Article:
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Center for RNA Biomedicine pres.

RNA Seminar featuring: Michelle Hastings, Professor, Rosalind Franklin University of Medicine and Science

Splice-switching Antisense Oligonucleotides for the Treatment of Disease

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Michelle L. Hastings, PhD
Professor, Cell Biology and Anatomy
Director, Center for Genetic Diseases
Rosalind Franklin University of Medicine and Science

ABSTRACT: Antisense oligonucleotides (ASOs) have proven to be an effective therapeutic platform for the treatment of disease. These short, single-stranded, modified nucleotides function by base-pairing with the complementary sequence of an RNA and modulating gene expression in a manner that is dependent on the ASO design and targeting site. We have used ASOs to normalize aberrant gene expression associated with a number of diseases of the nervous system including Alzheimer’s and Parkinson’s disease and Usher syndrome. One of our approaches is under development for the treatment of CLN3 Batten disease, a fatal, pediatric lysosomal storage disease caused by mutations in a gene encoding the lysosomal membrane protein CLN3. The most common mutation associated with CLN3 Batten is a deletion of exons 7 and 8 (CLN3Δex78), which disrupts the mRNA open reading frame by creating a premature termination codon that results in the production of a truncated protein. We devised a therapeutic strategy for treating CLN3 Batten Disease using an ASO that basepairs to CLN3 pre-mRNA and alters splicing to correct the open reading frame of the mutated transcript. Treatment of CLN3Δex78 neonatal mice by intracerebroventricular injection of the ASO resulted in the desired splicing effect throughout the central nervous system, improved motor deficits associated with the disease in mice, reduced histopathological features of the disease in the brain and extended life in a severe mouse model of the disease. Our results demonstrate that ASO-mediated reading frame correction is a promising therapeutic approach for CLN3 Batten disease.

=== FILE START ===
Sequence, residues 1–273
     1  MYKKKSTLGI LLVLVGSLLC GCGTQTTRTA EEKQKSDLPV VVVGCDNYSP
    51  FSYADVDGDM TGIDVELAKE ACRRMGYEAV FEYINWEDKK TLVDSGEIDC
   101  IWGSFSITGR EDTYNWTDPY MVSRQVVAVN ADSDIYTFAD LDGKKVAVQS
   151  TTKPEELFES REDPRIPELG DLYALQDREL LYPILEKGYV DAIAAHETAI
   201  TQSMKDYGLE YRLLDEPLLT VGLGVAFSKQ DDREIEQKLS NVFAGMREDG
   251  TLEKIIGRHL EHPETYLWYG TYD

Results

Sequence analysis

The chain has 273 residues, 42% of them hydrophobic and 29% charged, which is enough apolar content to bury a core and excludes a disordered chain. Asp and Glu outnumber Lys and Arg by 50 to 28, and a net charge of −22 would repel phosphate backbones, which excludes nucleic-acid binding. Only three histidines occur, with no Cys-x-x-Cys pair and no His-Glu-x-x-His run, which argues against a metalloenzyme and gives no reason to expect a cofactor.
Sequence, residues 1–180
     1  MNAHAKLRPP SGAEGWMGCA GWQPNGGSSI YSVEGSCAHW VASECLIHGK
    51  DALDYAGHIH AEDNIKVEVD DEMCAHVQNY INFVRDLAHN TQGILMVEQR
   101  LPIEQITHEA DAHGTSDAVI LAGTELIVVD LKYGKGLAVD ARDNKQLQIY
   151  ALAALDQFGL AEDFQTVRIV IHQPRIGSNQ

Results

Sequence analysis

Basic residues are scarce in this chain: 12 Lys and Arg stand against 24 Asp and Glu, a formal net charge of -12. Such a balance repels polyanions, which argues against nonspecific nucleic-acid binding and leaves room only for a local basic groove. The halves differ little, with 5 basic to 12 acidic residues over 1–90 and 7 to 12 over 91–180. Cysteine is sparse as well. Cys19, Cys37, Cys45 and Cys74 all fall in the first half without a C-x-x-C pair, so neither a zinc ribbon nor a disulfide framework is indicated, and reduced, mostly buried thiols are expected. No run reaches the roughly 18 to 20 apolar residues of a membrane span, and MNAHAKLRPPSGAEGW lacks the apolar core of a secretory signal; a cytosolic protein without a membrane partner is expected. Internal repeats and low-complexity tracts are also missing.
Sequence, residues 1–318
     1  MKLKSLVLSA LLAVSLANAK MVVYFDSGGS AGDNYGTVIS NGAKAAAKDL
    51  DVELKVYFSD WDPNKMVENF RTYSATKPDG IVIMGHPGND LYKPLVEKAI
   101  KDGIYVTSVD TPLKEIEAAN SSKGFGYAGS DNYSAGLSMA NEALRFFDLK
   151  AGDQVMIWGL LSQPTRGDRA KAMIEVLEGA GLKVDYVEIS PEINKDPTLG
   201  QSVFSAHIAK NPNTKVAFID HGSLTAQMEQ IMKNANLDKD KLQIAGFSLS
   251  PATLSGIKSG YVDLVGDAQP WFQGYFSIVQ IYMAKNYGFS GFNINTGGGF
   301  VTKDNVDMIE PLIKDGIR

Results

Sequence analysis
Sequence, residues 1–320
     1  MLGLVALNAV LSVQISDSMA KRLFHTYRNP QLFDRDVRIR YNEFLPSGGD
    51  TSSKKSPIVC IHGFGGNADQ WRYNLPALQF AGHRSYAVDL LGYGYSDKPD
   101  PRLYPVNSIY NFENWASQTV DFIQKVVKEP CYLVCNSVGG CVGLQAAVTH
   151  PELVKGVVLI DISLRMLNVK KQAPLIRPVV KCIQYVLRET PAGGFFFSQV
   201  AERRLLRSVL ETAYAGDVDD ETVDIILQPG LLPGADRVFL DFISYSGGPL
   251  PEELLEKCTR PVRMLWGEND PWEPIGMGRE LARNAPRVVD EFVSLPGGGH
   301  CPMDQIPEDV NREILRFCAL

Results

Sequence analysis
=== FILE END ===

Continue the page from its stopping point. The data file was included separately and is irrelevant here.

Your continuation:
KEYWORDS: pre-mRNA splicing, Antisense oligonucleotides, Usher syndrome, Batten Disease, lysosomal storage diseases
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